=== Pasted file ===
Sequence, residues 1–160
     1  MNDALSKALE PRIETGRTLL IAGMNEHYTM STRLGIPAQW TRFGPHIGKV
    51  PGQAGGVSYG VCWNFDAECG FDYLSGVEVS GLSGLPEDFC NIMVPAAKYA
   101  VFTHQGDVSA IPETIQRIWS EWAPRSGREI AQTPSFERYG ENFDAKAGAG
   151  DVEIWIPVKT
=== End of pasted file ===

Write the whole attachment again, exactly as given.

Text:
Sequence, residues 1–160
     1  MNDALSKALE PRIETGRTLL IAGMNEHYTM STRLGIPAQW TRFGPHIGKV
    51  PGQAGGVSYG VCWNFDAECG FDYLSGVEVS GLSGLPEDFC NIMVPAAKYA
   101  VFTHQGDVSA IPETIQRIWS EWAPRSGREI AQTPSFERYG ENFDAKAGAG
   151  DVEIWIPVKT